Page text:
At two points you enquired as to my position on your failure to accept my written work.  Whilst I do not remember the specific phrasing of the first such question, I do remember finding it offensive in the extreme, as there was an implied suggestion in your words that you would find any distress on my part as being manipulative.  You will recall that I told you that this insinuation was not welcomed by me.  Whilst you stated that you did not feel that the word ‘manipulation’ was appropriate, you did not, however, make a forthright denial that that was indeed what you thought my reaction might be.

When I am having a panic attack in your company, C, please do not condescend me with encouragement into practicing Zen buddhist breathing with you.  I find this an incredibly uncomfortable pursuit (no doubt you are curious as to why); for some reason, it creates a frisson (on my part) between us, and I find it horribly inappropriate.  I shall find my own methods of managing panic attacks, thank you.  I have been experiencing them for 12 years; I have known you for six months.

As I recall, the aforementioned panic attack led you to muse somewhat on the issue of my vulnerability, and the fact that I hide my face from you (by keeping my hair down) and fail to articulate some personal issues to you as I do not want to be vulnerable.  This is a rational position on my part.  I used a rape analogy to exemplify my point; that if I walk home alone at 3am, drunk, wearing a short skirt and a low-cut top, that I am putting myself at risk by virtue of my vulnerability (and for Christ’s sake, please do not read anything into that particular example.  Nor should you make the assumption that in this example ‘at risk’ equates with ‘deserves’.  That is not the case).  In fairness, this point was accepted by you, but was nevertheless diminished on the grounds that your office is a safe and confidential place that allows me to express a vulnerable side of myself with impunity.  Whilst I am willing to accept the good intentions of this statement, it is still and withall a fallacy, C.  Your office is not a safe place, and you are not a safe ‘object’ (in the psychological sense).  You are not safe because sooner or later, understandably, and by your own frank admission, you too will reject and abandon me, just like everybody else has done.

You will be aware that today was probably the first time in our entire relationship that I have expressed hostility beyond mild irritation towards you.  On that note, towards the end of the session, I found myself engaging in yet another self-vituperation, using a range of perjorative nouns and adjectives including, “dick,” “bitch”, “self-obsessed,” “hateful” and “monster”, amongst a multitude of others.  Whilst not denying these self-beliefs, I believe that this particular invective was actually a projection onto myself of my then-feelings towards you.  Arguably I could simply have stated how furious and disgusted I was with you, but then I would have caused myself even more distress, as I would have feared abandonment by you (even though I was ((am)) intensely angry with you) and wiould have felt horribly guilty (I feel guilty about everything).  So the fact that I manifested any hostility at all is somewhat remarkable.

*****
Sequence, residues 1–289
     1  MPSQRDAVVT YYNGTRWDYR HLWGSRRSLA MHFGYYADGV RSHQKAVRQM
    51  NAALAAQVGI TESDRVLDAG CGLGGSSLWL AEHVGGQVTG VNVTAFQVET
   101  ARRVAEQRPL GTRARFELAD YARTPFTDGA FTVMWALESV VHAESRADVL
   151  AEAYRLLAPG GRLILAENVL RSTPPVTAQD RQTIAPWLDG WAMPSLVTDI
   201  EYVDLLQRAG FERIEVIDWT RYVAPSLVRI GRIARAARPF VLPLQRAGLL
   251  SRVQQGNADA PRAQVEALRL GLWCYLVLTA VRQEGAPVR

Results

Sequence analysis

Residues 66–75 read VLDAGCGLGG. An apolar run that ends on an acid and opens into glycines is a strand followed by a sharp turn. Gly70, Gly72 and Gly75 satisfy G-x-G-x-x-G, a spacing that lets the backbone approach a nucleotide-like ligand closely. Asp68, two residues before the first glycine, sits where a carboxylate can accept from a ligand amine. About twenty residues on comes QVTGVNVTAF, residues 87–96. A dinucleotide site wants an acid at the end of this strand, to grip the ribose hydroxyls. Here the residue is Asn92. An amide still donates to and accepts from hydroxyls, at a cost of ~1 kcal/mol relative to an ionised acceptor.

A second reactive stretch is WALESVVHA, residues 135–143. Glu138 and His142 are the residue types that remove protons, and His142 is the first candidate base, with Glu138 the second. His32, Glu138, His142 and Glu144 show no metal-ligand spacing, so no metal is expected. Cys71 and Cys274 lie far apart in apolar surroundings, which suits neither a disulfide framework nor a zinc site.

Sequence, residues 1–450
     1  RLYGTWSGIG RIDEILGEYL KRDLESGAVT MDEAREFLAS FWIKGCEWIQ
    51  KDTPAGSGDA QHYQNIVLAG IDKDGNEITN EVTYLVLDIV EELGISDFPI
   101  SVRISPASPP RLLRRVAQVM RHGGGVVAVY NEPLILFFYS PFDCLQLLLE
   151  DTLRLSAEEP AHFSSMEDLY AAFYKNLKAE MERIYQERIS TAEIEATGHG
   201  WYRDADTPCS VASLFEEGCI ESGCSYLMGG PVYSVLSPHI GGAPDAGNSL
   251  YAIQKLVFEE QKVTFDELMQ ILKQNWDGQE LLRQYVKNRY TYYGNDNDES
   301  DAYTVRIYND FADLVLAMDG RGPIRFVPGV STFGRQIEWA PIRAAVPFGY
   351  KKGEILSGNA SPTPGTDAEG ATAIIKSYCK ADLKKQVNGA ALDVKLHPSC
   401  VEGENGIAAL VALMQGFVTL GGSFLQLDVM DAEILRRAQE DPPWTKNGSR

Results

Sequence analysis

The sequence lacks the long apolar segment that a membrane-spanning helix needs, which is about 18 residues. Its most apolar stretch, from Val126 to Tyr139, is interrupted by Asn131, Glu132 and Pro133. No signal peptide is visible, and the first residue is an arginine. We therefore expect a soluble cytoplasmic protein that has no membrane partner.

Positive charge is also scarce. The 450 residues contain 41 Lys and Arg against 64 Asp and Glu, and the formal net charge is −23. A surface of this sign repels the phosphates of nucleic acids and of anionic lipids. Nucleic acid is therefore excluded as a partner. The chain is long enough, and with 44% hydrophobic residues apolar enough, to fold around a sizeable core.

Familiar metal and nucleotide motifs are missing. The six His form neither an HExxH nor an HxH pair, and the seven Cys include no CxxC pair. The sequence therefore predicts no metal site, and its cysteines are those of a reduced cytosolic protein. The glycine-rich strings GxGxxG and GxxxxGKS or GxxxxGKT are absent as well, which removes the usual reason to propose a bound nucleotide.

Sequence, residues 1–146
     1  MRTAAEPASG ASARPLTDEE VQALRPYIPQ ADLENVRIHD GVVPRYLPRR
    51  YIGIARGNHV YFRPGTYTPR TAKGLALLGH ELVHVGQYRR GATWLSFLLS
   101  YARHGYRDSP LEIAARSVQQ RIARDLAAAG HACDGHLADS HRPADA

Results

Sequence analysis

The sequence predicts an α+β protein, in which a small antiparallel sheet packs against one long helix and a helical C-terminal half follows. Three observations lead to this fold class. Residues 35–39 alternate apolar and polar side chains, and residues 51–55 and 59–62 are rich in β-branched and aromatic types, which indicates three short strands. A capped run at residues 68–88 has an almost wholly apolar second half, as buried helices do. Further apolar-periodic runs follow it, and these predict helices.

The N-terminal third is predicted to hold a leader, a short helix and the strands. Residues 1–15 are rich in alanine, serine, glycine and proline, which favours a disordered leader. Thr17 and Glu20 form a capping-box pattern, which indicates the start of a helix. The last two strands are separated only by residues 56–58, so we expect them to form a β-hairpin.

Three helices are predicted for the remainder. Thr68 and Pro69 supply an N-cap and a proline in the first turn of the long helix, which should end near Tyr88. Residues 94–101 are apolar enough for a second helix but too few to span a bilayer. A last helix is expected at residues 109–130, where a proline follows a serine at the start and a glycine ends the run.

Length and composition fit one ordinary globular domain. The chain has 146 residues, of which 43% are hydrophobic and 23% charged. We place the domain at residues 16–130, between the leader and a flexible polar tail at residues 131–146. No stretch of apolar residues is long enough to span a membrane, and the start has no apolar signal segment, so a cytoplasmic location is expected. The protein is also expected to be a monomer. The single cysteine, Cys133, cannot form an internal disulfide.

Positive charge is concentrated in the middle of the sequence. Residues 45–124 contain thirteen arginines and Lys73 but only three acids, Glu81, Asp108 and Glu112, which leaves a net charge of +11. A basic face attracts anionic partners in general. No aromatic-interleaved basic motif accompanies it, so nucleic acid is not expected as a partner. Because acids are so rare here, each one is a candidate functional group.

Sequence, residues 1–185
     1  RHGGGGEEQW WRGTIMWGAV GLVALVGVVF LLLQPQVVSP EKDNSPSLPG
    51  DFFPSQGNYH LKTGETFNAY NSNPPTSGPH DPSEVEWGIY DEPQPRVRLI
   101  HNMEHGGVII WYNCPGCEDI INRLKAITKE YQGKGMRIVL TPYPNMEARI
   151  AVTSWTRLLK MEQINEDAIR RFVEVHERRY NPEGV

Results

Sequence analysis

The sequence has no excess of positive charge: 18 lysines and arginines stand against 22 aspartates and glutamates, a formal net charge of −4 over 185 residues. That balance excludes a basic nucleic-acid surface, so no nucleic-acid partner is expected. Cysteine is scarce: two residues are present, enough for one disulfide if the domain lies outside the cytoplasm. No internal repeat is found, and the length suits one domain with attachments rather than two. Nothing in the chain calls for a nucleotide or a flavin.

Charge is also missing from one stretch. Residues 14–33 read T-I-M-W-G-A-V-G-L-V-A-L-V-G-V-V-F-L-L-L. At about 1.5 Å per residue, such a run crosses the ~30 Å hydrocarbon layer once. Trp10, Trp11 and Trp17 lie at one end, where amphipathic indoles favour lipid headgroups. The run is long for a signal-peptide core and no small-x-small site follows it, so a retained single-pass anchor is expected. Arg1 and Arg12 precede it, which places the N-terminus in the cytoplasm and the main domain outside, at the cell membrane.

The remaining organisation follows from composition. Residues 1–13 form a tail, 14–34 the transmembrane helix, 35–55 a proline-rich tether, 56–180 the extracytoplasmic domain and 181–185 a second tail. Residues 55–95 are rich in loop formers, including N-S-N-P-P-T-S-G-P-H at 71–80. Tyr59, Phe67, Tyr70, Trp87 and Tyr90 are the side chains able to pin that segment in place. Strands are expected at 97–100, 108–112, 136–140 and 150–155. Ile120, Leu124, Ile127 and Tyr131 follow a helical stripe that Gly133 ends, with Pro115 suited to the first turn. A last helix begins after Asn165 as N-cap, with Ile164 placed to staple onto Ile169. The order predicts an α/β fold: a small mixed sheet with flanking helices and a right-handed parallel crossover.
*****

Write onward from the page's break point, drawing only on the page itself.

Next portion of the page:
Another related incident of note is that during the aforementioned invective, I accused myself of being a “childish brat, throwing toys out of the pram in all directions”.  You stated that this was “only part of [me].”  The strong suggestion to be inferred therefrom is that you agree with this assessment, at least to some extent.  I cannot criticise you for this position, as it is indubitably correct.  However, I have chosen to bring it up as an interesting reflection of the current state of our dyad.

At a juncture towards the end of the meeting, you asked for a second time how I felt vis a vis your failure to take my documentation.  I stated that I was “not best pleased.”

In future when I make an unambiguous statement of this nature, can you please accept my words without asking me to articulate further what it is that I mean.  I would think it unwise for me to give you my completely uninhibited view, which is that I think you’re a lazy, selfish, irresponsible piece of shit.  Beyond providing said view, there is little more I can add to the sentiments already expressed.

On a similar but unrelated note, when I am banging my fists on the chair and throwing my glasses on the floor, you are the Master of Understatement to suggest that I “must be quite agitated.”  Again, saying what you actually mean would be greatly appreciated.

I believe that you caused me an unnecessary amount of upset both in and outside of your company today.  In session with you, as observed, I was extremely agitated.  Your continual verbal pushing of me did not aid my psychological state in any way, unless you consider increasing mental pain to be a move towards better mental health.